MUNCHIES🤤: Panzerotti Luini and Cioccolati Italiani

When it comes to late night eating, Milan probably doesn’t have much more than a few 24/7 McDonald’s to offer.

However, to make up for that, you can literally spend the whole day snacking here and there. So here’s a couple of options to satisfy both your sweet tooth and your salt cravings.

Panzerotti Luini is the street food symbol of Milan, selling these fried dough pockets stuffed with tomato and mozzarella since 1888 – yes, over 130 years – and located right behind Duomo.

For less than 3€ you can choose from a variety of fillings, from the classic tomato and mozzarella, to ricotta and spinach, ham, salami and so many other flavors.

If you’ve ever watched Charlie and the Chocolate Factory and dreamed about diving into the chocolate river, you’re gonna absolutely love Cioccolati Italiani. (And if you’ve never watched Charlie and the Chocolate Factory … I can't trust you)

Go to Cioccolati Italiani and have the best gelato of your life. Start by filling your cone with white, milk or dark chocolate, then choose one to four scoops of gelato between all the amazing flavors they offer (I strongly recommend pistachio, salted caramel and Nutella. Thank me later) and top it up with fresh meringue or whipped cream 😉

Now if you excuse me I’m gonna curl up in a corner and have a quick 5 minutes meltdown about how much I miss home and Italian food.

TAKING A WALK🍄😎: Duomo, Parco Sempione, Navigli

Milan Cathedral, in Italian Duomo di Milano, is one of the main attractions of the city and its most recognizable symbol.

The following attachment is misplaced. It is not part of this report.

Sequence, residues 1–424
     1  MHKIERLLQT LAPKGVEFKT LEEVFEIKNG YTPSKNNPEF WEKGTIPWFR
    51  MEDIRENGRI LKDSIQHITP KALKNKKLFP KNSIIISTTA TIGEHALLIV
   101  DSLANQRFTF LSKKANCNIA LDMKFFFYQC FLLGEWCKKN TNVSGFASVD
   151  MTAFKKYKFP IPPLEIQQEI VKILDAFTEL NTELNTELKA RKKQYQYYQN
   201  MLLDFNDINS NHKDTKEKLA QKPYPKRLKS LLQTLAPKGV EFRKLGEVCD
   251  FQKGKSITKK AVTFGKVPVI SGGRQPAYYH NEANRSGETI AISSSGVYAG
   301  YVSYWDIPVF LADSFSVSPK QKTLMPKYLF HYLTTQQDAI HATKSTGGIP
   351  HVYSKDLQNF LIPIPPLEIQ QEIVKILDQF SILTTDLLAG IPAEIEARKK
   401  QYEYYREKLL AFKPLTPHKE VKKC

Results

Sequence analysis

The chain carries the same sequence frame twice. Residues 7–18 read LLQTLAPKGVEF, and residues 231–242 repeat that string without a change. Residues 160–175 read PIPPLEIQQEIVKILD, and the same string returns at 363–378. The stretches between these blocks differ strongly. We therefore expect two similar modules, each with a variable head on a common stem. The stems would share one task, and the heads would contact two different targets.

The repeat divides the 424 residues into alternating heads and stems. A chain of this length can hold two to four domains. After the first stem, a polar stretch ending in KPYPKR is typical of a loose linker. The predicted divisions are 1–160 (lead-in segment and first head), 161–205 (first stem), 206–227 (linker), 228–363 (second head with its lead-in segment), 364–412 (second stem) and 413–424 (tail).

Located right in the city center, its construction began in 1386 and was completed in 1965. Dedicated to the Nativity of St. Mary, Duomo and its symbolic Gold “Madunina” have been the pride of the city for centuries.

Parco Sempione is the perfect spot if you need a break from the city life. Located in the historic center of the city and right adjacent to Sforza Castle and Arco della Pace (Arch of Peace), the park covers an area of 95 acres and offers some of the most amazing views in the city.

Navigli is a charming district located in the southwestern quadrant of the city. Located between Naviglio Grande, Naviglio Pavese and Porta Ticiniese, this is the best area to have a good aperitivo, try typical Italian and international cuisines, or just have a nice walk along the canals.

THE ARTS👨‍🎨🎨: La Scala, Il Piccolo Teatro

La Scala or Teatro alla Scala is among the most famous opera houses in the world. Inaugurated in 1778, La Scala includes a theatre, an art academy and a museum that’s usually open to the public Tuesday to Saturday from 9am to 1.30pm and from 2.30pm to 7.30pm.

For more than two centuries, the greatest singers from all over the world made their debut at La Scala, including Maria Callas in 1951.

Piccolo Teatro (literally: Small Theatre), is way more recent compared to La Scala, but still extremely relevant for the Italian and European entertainment scene.

Founded in 1947 by Paolo Grassi, Nina Vinchi and Giorgio Strehler, Piccolo Teatro was the first public Italian repertory theatre and has hosted productions by the most relevant international artists.

Look out for City Profiles every Wednesday and comment below where you would like to see the next one.